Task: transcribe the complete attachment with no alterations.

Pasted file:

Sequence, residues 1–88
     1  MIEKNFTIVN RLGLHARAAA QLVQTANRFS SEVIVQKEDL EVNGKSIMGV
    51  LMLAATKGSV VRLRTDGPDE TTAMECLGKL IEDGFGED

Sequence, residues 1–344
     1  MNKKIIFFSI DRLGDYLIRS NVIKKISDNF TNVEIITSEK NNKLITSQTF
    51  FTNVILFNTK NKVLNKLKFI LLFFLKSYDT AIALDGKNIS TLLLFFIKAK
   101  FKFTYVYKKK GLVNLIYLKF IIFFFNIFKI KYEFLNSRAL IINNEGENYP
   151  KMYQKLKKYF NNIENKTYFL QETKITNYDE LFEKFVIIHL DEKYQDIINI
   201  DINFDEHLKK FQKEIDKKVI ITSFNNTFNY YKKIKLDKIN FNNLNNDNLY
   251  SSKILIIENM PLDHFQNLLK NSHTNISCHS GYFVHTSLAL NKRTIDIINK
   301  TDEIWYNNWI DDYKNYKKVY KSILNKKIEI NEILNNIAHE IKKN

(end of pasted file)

Sequence, residues 1–88
     1  MIEKNFTIVN RLGLHARAAA QLVQTANRFS SEVIVQKEDL EVNGKSIMGV
    51  LMLAATKGSV VRLRTDGPDE TTAMECLGKL IEDGFGED

Sequence, residues 1–344
     1  MNKKIIFFSI DRLGDYLIRS NVIKKISDNF TNVEIITSEK NNKLITSQTF
    51  FTNVILFNTK NKVLNKLKFI LLFFLKSYDT AIALDGKNIS TLLLFFIKAK
   101  FKFTYVYKKK GLVNLIYLKF IIFFFNIFKI KYEFLNSRAL IINNEGENYP
   151  KMYQKLKKYF NNIENKTYFL QETKITNYDE LFEKFVIIHL DEKYQDIINI
   201  DINFDEHLKK FQKEIDKKVI ITSFNNTFNY YKKIKLDKIN FNNLNNDNLY
   251  SSKILIIENM PLDHFQNLLK NSHTNISCHS GYFVHTSLAL NKRTIDIINK
   301  TDEIWYNNWI DDYKNYKKVY KSILNKKIEI NEILNNIAHE IKKN